Often field work was hampered by the rain and then we would sit around the fire, listening to the rain and drinking endless cups of bitter and very strong local tea (this is drunk by most tribes in Arunachal and is essentially green tea leaves that have only been partly dried over smoky fire). The rainwater would collect in a depression on our flimsy plastic shelter, needing periodic sloshing out. If it cleared up for a while, we would play chillo (a game played with a round ball woven from cane, essentially like volleyball but with a lower net and to be kicked like a football with feet). Later I learnt that apparently this game is also played by other tribes in north-east India and even in Thailand.
I would be very bad at kicking over the net; this would cause much amusement. Occasionally, we would watch a Lisu diving in the cold river with his home-made rubber ‘snorkelling’ mask and bamboo spear to catch a fish.
Sometimes, we would have people passing through on their way to Miao from Gandhigram or vice versa and we would exchange news and information about all manner of important and trivial stuff. There would also be rumours about various people and happenings which would lead to a lot of animated discussion and speculation.
The rain would start again and I would complain that it was because of Ngwa-akhi’s non-stop singing. Undeterred, Ngwa-akhi would get out his hymn book and sing with more gusto. Duchaye would join in. Akhi would be restless, as he hates sitting around doing nothing.
On such rainy days, when no work was possible, we would get out periodically from the tent when the rain slowed down to desultorily watch birds.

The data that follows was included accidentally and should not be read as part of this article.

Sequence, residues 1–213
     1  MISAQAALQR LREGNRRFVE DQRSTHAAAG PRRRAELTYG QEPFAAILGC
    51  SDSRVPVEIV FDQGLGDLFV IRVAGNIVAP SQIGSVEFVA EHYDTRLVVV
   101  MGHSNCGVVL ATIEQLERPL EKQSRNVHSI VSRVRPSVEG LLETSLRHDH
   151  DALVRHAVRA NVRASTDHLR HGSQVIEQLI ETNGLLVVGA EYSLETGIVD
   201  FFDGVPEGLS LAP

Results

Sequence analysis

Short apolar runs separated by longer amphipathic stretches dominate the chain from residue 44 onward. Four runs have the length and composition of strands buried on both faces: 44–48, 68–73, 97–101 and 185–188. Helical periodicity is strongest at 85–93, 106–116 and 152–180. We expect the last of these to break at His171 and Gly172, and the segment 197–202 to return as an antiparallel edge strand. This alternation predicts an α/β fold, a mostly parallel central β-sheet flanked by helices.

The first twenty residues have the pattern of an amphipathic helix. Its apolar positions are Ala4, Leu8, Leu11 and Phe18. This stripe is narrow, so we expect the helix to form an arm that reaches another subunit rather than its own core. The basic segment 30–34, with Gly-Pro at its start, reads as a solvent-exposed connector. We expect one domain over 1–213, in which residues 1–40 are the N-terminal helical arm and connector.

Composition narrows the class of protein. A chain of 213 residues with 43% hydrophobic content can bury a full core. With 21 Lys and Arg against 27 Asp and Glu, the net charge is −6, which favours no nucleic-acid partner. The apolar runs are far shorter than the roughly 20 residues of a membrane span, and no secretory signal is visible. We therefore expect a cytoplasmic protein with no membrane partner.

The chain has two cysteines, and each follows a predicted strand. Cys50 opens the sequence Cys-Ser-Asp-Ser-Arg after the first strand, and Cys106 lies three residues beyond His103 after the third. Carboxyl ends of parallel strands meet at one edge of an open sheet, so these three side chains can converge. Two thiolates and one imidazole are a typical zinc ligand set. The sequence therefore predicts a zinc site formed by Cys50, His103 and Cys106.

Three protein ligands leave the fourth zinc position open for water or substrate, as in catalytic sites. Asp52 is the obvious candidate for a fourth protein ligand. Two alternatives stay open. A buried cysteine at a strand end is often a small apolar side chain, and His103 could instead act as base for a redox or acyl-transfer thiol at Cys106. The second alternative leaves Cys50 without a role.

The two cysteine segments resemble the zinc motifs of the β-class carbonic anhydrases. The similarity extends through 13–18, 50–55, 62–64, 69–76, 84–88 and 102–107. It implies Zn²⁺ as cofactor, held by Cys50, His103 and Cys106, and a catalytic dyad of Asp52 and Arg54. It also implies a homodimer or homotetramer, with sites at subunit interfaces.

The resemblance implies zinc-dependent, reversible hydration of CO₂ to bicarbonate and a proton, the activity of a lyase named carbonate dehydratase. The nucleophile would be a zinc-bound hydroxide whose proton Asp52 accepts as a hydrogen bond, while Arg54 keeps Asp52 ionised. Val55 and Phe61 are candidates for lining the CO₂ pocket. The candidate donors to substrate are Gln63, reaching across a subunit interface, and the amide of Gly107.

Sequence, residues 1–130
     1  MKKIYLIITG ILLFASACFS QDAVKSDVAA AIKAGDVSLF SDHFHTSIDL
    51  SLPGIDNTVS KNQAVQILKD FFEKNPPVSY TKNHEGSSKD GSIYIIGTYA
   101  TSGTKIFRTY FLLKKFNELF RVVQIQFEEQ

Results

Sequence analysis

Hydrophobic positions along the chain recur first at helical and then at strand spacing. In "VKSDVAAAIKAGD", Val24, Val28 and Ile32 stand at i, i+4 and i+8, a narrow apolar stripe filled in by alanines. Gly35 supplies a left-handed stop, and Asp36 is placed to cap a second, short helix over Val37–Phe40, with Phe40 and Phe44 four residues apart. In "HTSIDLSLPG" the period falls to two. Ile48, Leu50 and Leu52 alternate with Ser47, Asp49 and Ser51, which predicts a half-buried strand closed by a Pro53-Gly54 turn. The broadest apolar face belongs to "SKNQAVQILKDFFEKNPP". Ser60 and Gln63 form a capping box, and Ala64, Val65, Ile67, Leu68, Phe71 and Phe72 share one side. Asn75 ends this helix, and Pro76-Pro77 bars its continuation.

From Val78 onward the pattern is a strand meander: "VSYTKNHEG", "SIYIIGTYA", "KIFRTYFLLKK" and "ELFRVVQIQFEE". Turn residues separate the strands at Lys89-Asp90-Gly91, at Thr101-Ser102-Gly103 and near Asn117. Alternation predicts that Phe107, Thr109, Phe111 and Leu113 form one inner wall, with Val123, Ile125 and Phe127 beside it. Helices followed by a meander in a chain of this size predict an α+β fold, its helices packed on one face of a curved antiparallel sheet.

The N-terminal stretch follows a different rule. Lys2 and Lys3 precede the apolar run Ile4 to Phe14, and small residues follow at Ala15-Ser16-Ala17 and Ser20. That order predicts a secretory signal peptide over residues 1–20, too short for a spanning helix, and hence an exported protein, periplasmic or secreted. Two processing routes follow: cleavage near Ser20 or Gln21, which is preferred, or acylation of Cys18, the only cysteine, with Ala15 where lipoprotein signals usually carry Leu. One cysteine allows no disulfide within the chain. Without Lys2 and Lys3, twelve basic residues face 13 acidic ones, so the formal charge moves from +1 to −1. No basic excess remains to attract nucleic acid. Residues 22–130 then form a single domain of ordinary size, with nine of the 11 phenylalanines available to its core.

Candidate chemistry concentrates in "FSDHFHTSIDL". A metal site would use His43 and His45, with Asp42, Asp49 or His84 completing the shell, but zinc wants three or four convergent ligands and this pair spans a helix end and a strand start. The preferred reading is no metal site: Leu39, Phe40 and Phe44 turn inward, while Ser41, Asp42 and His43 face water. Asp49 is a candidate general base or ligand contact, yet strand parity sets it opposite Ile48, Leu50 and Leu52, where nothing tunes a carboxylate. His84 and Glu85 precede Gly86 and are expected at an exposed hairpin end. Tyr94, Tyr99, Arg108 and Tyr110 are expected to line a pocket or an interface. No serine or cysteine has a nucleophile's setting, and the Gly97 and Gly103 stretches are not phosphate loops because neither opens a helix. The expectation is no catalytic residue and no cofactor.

One such morning it started to pour so heavily that the small stream next to which we had camped, became hugely swollen and muddy. One of our tents almost went under water. Fortunately, we had finished our cooking, but as we sat and ate, the water levels rose and almost swept away our vessels.
The rain also brings forth vast numbers of the dreaded leeches that manage to sneak their way in no matter how careful you are. One time, I remember when Charu and Madhu had come on the walk to Gandhigram in 2003 soon after the monsoon season, they had complained bitterly about the leeches. Charu is not too partial to rainforests. To this day, he insists he had to pick off around 2000 of them per day on that trip, which of course, is a gross exaggeration. Although I recall even me being horrified one morning when we woke up in our small tent to see the leeches all crawling around on the outside of the tent.
I don’t mind the leeches as much as the ticks, though. I used to itch for days till I learnt from the Lisu that dancing around a small fire while blowing on your clothes is the best way to get rid of them.
Namdapha is a very very special place, even if you do not get to see the tiger or the usual large mammals that you see in other forests.
On one of my winter visits, on the return journey, we got lucky – a helicopter ride over Namdapha from Vijaynagar. As I gazed at the expanses of green, the snow peaks, ridgelines, the rivers and the unexplored lakes and swamps, my eyes were wet taking in the vastness, mystery and beauty of the landscape. And suddenly to make it even more special, I saw a flock of ten Wreathed hornbills flapping hard and flying over the green canopy, visible so clearly even from our helicopter.
I realized that what makes Namdapha so magical and sets it apart from many other wild places is the feeling of being really far away, unconnected from civilization and truly in the wild.
Postscript: This article originally appeared in a shorter form in an inflight magazine of Air Deccan published in March 2008.